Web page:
Feed the ducks – in East Hampshire and Midhurst

Why not take a relaxing stroll and pop along to one of the many ponds or lakes in East Hampshire and spending some time feeding the ducks?

Mary Poppins famously sang, “Feed the birds!” It’s a great way to spend some time with your older friend or loved one while also enjoying the scenery and the wildlife. Our care professionals at Home Instead East Hampshire and Midhurst love taking clients to local ponds. And from Alton to Petersfield, Frensham to Bishops Waltham, there are plenty of lovely places to visit. Here are a few that we’d recommend.

Frensham Little Pond

It’s well worth visiting Frensham Little Pond, which can be found just over the easternmost border of East Hampshire, in Surrey. Part of the National Trust, the pond isn’t actually that little! It’s more like a small lake – although it was originally classed as a medieval bishops’ fish pond. It’s surrounded by heathland which boasts a wide variety of both rare and endangered wildlife.

If you want a break from strolling around the pond on the many smooth and fairly level paths (suitable for wheelchairs), why not nip into the café on the site for a light snack and a cuppa? Be sure to wrap up if it’s cool, as there’s only outdoor seating available. Dogs are allowed at the pond. The car park is free for National Trust members – otherwise, you’ll have to pay. However, it has accessible blue badge parking. There’s also a toilet on the site.

Kings Pond, Alton

Kings Pond – which again is a fair size – is set in 11 acres but is close to the centre of Alton. The River Wey feeds the pond and flows through it. Indeed, the pond isn’t a natural habitat – it was probably formed in the late 18th century by William King, who is believed to have dammed the river to create a head of water to power his expanding paper mill operations. The paper mill continued working until the early 20th century.

King’s Pond has become a popular habitat for a wide range of bird life – from kingfishers, wrens and yellow wagtails through to swans, geese and herons. The area around the perimeter of the pond has a hard-surfaced footpath that makes it easily accessible for those with wheelchairs. There’s also a car park with a disabled parking space.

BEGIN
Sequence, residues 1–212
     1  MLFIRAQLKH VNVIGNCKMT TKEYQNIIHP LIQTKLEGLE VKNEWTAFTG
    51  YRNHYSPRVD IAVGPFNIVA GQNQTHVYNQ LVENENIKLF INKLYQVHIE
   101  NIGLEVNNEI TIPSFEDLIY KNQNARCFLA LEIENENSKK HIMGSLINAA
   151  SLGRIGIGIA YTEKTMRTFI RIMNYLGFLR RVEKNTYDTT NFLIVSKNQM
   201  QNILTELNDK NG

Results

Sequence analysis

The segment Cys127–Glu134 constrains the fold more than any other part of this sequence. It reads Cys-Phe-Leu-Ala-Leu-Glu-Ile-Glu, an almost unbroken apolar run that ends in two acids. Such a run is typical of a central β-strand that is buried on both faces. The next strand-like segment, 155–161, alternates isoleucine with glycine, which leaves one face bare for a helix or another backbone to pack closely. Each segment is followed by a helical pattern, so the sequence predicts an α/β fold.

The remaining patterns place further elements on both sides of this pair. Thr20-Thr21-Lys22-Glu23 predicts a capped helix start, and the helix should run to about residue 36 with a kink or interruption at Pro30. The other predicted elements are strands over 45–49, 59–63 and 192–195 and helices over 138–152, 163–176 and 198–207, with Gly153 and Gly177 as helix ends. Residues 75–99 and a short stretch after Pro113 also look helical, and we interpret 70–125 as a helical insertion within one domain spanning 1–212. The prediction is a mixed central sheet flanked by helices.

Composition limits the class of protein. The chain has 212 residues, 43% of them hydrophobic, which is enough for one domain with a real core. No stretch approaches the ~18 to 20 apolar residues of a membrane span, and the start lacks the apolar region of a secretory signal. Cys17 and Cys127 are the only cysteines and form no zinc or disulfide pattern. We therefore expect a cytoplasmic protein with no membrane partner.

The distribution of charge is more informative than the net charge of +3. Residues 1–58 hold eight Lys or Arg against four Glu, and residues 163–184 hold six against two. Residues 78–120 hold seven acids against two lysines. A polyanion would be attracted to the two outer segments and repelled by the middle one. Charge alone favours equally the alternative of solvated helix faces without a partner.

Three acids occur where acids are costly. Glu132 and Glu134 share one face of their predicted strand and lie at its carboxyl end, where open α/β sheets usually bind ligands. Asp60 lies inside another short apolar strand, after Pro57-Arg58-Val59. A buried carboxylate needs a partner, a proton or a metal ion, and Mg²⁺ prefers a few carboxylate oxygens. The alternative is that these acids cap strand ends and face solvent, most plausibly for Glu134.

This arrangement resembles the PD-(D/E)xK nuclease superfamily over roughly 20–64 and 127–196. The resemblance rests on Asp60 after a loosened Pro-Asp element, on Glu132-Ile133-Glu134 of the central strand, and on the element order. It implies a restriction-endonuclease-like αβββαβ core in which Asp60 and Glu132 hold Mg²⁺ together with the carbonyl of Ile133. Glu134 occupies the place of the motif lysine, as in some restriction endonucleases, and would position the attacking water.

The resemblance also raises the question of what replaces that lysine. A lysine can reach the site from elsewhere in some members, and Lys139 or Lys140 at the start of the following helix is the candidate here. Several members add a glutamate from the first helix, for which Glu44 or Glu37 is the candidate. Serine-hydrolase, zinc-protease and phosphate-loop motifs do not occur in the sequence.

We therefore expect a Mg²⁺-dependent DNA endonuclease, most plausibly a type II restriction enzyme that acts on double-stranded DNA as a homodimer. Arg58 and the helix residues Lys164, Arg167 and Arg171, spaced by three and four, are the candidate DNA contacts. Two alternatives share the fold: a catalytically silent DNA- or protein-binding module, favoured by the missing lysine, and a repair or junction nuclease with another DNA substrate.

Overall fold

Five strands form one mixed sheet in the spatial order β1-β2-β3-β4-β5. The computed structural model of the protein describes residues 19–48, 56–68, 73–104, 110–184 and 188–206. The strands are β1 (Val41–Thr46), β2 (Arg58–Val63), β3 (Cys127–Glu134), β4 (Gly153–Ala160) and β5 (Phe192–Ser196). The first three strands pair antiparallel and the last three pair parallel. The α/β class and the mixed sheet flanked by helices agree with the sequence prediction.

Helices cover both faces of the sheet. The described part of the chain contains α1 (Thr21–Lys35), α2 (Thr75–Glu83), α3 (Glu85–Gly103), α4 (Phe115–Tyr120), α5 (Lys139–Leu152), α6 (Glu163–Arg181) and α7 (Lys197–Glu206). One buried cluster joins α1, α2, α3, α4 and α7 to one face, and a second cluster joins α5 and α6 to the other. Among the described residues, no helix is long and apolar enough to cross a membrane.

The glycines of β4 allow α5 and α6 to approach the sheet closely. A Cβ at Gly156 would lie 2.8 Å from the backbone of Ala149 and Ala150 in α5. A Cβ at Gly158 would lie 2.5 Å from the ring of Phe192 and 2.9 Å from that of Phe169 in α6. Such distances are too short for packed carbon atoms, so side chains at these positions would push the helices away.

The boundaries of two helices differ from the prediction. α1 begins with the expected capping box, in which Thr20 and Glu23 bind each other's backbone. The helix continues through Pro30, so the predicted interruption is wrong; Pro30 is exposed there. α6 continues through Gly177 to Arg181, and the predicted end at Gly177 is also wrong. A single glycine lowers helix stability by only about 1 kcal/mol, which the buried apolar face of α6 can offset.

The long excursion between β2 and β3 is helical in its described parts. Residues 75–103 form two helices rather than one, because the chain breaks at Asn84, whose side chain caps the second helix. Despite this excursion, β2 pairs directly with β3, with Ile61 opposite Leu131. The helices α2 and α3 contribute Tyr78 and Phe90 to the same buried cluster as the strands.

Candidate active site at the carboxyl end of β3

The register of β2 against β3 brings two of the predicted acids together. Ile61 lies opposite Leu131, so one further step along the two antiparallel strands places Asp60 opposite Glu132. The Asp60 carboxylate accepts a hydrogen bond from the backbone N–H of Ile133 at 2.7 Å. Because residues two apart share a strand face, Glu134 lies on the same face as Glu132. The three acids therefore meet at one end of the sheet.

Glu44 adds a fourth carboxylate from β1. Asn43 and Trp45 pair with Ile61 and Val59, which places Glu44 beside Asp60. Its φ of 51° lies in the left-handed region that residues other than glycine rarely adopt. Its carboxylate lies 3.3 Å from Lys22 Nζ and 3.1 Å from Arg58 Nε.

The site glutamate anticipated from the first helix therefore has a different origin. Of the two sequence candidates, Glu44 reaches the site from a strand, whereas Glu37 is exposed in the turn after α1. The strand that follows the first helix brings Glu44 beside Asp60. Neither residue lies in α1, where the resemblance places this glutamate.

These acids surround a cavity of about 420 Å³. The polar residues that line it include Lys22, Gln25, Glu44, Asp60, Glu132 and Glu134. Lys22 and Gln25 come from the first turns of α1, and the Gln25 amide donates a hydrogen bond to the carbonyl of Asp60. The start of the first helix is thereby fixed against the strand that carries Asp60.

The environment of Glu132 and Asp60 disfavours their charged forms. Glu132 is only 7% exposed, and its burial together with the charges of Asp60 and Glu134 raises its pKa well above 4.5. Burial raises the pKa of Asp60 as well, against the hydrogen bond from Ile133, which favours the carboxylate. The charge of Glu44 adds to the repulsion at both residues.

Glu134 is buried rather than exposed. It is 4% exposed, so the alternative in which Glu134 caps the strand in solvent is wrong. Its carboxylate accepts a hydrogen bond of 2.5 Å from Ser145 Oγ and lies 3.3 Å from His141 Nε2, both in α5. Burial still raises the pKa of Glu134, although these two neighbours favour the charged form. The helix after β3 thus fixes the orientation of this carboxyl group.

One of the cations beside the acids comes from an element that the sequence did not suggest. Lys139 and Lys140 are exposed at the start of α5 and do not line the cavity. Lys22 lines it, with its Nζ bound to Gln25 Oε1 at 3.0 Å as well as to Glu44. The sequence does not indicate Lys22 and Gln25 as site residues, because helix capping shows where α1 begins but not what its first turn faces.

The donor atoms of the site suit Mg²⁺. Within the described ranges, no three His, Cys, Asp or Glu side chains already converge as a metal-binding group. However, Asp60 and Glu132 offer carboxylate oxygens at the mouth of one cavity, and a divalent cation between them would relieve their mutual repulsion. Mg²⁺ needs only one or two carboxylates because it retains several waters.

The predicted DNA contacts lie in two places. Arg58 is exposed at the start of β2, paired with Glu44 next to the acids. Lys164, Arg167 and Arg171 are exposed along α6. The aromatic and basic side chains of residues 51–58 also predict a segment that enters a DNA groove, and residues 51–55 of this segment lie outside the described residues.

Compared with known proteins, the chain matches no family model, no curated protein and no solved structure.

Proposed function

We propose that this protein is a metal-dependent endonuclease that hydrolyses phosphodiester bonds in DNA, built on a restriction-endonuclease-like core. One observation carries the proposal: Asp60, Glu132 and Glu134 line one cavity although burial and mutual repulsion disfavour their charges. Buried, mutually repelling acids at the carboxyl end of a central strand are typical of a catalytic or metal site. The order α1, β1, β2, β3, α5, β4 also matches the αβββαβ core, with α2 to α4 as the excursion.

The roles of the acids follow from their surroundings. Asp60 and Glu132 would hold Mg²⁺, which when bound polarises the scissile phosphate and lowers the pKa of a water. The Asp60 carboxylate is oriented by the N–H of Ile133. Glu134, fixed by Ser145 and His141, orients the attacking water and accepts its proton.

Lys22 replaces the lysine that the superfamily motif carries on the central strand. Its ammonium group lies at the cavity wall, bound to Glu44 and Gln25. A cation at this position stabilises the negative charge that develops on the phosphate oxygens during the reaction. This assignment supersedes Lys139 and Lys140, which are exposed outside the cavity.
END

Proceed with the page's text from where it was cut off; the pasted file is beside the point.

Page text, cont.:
Heath Pond, Petersfield

Heath Pond is an attractive area that’s occasionally visited by our live-in clients when they meet with our co-ordinator, Nicki, for a chat and an ice cream! It’s a 22-acre pond that lies within The Heath, a 69-acre site that’s close to the town of Petersfield. Again, a wide variety of wildfowl and other birds can be seen in and around the pond.

There’s a pleasant café overlooking the pond – aptly named the Plump Duck – where you and your ageing friend or loved one can relax and enjoy a hot or cold drink and a bite to eat (including ice creams, cakes and paninis). Just take some time to sit and watch the boats on the water or the children enjoying themselves in the adjacent play area. Toilets are available on the site. There’s also a good sized car park, just off the B2146.

Bishop’s Waltham North Pond

If you’re in the area, why not pay a visit to Bishop’s Waltham North Pond? The whole pond was built by Bishop Henry de Blois 700 years ago but in the late 1960s, a new road was built that cut it in two. The North Pond is a Site of Importance for Nature Conservation (SINC). It’s on the edge of Bishop’s Waltham and there’s a car park and flat gravel paths around the pond.

The health of this pond owes a great deal to hard work by members of the local community. Since 2010, trees have been trimmed back, wildflower meadows created; the main channel cleared; and a lay-by, seats, picnic table and information boards installed. There was also a three-year project to remove about two metres of silt from the pond, providing a wetland area for birds, wildlife and fish. A new viewing area was also created in 2018.

Bordon Inclosure

Bordon Inclosure is a green space on the eastern edge of Bordon, managed by the Deadwater Valley Trust. This was set up in the 1980s to conserve important natural habitats in the area. Bordon Inclosure has been designated as a Suitable Alternative Natural Greenspace (SANG) – a natural environment with semi-natural habitats. A SANG must have a network of paths that provide walks for local people. The paths at the Inclosure are compacted but can be become muddy after heavy rainfall.

Dogs are allowed to be let off the lead in the Inclosure for much of the year. From the point of view of an older person, a SANG is important, as it must have a range of safe access points, including easy access from a car park. This can be found behind Café 1789, which has a toilet. The car park includes one disabled parking space.

Whether your ageing adult loves feeding the ducks or just enjoys a quiet walk in the East Hampshire countryside, we hope these examples might spur their interest in gentle outdoor activities. Being out and about in itself can be very therapeutic for an older person.

At Home Instead East Hampshire and Midhurst, we love taking clients out to enjoy a breath of fresh air – and they often feel revitalised afterwards. If you’d like to know more about our extensive range of home care services, please give us a buzz!